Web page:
Is Production offline? If so, this might not be the time to pay too much attention to code formatting or architectural perfection. Try to calibrate the content of your review to the situation at hand - understand when the team is taking on debt intentionally to meet a deadline and when it’s time to make sure the code is as perfect as possible. Bringing the wrong type of feedback at the wrong moment can be counter-productive. Think about whether the feedback being given should block the merge of the change or whether asking for a followup PR would make more sense given the issues of today.

Refer to Sources of Truth

Bringing in links to documentation, code samples, industry articles, and internal metrics can help move the conversation from one focused on preference and opinion to one focused on the facts of the current situation of the system, the business, and the technological environment.

Give Compliments Where Compliments are Due

Code review is not just for catching the issues, it’s also for praising the good. Make sure to sprinkle compliments into your reviews - it will cultivate goodwill, but also it’s the right thing to do. Make sure your colleagues know you are cheering for them, not just watching and waiting for them to slip up.

Say Thank You

Gratitude is one of the great motivators in the world. Think about the experience your colleague had in doing the work. Were they going after a hard task that was really tricky to accomplish? Thank you. Did they find and fix a bug that no one else had noticed? Thank you. Were they working on some legacy code with no test coverage that everyone on the team is afraid to touch? Thank you. Saying thank you is free and it communicates to your colleagues that you appreciate their presence every day and you appreciate their work.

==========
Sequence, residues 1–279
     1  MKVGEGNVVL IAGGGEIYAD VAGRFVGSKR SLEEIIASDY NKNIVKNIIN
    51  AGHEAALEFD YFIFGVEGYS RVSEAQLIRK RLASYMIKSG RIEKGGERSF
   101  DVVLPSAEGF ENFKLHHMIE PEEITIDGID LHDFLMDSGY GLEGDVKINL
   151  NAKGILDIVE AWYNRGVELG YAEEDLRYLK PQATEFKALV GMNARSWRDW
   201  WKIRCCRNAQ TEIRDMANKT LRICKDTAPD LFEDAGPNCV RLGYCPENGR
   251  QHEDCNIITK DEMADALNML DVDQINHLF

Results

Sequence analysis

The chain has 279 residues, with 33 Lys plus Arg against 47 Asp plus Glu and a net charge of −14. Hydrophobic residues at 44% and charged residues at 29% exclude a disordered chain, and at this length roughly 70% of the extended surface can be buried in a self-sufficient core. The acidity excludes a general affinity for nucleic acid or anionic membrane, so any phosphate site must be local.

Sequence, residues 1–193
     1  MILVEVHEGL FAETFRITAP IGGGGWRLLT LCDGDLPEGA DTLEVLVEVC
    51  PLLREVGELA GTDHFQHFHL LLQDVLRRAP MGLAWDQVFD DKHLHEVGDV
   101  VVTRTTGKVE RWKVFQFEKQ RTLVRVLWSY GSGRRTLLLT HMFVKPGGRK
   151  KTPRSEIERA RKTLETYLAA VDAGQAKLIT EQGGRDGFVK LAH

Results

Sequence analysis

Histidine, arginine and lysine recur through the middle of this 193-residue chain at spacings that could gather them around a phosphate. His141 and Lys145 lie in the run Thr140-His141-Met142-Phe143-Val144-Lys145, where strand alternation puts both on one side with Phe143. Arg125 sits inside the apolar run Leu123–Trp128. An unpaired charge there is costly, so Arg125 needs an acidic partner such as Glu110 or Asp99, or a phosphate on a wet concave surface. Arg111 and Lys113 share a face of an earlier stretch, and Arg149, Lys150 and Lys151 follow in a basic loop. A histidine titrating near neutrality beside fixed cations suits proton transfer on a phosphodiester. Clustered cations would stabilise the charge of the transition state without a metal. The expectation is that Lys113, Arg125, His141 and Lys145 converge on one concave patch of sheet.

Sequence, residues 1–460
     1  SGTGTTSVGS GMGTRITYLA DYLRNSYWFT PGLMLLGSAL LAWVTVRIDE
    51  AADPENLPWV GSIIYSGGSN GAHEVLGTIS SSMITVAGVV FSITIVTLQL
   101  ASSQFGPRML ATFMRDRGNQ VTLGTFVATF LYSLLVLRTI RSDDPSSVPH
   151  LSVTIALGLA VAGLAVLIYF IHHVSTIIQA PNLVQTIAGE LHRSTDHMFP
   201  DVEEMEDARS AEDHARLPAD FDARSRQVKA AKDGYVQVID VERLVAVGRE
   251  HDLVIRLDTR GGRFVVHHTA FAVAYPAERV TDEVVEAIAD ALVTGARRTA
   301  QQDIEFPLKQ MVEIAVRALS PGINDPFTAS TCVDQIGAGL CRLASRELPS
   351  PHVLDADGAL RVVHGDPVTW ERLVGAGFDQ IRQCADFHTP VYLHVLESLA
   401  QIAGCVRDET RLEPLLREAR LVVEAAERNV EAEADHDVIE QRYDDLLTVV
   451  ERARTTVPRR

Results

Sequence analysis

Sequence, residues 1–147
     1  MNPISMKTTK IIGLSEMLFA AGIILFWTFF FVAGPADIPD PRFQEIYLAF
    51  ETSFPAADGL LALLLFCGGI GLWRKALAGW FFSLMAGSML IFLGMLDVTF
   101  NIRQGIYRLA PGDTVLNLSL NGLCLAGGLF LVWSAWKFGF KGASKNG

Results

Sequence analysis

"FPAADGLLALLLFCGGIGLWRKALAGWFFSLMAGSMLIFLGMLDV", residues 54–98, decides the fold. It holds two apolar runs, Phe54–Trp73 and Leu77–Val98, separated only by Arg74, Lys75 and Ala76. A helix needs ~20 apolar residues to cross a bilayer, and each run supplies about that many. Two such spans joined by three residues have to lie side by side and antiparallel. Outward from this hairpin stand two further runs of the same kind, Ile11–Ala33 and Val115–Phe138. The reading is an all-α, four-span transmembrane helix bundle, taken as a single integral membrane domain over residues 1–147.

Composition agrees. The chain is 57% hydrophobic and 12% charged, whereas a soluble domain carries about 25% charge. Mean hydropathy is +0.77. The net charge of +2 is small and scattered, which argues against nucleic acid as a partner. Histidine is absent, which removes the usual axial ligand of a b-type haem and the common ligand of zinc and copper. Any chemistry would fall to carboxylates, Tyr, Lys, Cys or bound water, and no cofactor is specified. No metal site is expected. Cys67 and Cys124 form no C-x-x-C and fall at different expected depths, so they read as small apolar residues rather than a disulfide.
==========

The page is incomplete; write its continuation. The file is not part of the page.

Don’t be Afraid to Pick Up the Phone

When a conversation is becoming heated, or it’s difficult to understand what’s being suggested, one of the best things to do is switch to synchronous communication - either in-person or video if possible. Seeing the expressions on a colleague’s face can help defuse tension and remind the participants in the discussion that the relationships on the team and the outcomes for the organization matter more than the specific subject under discussion. Empathy is fostered more effectively through synchronous communication than through text.

Disagreement is Inevitable, Conflict is Avoidable

Engineers bring different life and professional experiences to their work. Different lessons learned over time lead to different worries and priorities between Engineers on every team. Add in the pressure of deadlines, competition for promotion, and the ever-present danger of technical failure and the ground is fertile for conflict to grow. How we communicate with each other and how disagreements are navigated is what determines whether there will be conflict or productive discussions. Hopefully some of the ideas in this article will help you build a better rapport with your colleagues and bring more empathy and joy to your code reviews.

Image by Victor Del Bono


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by Will Barrett

August 31, 2021